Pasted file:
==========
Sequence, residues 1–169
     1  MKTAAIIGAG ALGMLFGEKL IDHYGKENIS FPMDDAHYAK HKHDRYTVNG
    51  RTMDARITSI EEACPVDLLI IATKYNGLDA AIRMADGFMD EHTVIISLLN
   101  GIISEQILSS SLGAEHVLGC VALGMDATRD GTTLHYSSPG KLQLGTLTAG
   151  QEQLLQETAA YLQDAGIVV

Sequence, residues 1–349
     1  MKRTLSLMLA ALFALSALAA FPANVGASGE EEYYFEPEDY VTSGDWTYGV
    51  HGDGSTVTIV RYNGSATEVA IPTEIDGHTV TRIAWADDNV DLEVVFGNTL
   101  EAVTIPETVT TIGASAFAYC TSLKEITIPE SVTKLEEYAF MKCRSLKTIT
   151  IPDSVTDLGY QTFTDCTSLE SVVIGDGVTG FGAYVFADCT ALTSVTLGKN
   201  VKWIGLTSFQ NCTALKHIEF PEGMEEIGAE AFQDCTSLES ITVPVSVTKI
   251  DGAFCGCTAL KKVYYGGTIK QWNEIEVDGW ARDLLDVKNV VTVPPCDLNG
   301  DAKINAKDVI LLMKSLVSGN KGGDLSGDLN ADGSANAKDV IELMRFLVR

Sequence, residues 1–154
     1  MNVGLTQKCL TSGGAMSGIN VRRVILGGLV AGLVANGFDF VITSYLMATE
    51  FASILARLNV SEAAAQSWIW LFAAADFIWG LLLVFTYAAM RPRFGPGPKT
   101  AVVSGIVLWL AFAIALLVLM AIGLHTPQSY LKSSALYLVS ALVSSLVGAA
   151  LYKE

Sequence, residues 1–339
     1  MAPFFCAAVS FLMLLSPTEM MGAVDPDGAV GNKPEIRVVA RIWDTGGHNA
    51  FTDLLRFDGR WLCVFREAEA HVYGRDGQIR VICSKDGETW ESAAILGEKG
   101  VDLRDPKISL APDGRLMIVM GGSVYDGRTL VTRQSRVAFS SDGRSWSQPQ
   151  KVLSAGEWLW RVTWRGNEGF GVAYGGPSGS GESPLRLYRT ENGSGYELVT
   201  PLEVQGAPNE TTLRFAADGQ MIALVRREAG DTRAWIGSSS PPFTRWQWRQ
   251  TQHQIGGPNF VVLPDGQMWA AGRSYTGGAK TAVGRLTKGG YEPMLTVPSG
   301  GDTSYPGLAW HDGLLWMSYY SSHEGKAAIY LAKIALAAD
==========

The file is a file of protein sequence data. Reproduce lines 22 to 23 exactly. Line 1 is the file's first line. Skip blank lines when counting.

   101  VDLRDPKISL APDGRLMIVM GGSVYDGRTL VTRQSRVAFS SDGRSWSQPQ
   151  KVLSAGEWLW RVTWRGNEGF GVAYGGPSGS GESPLRLYRT ENGSGYELVT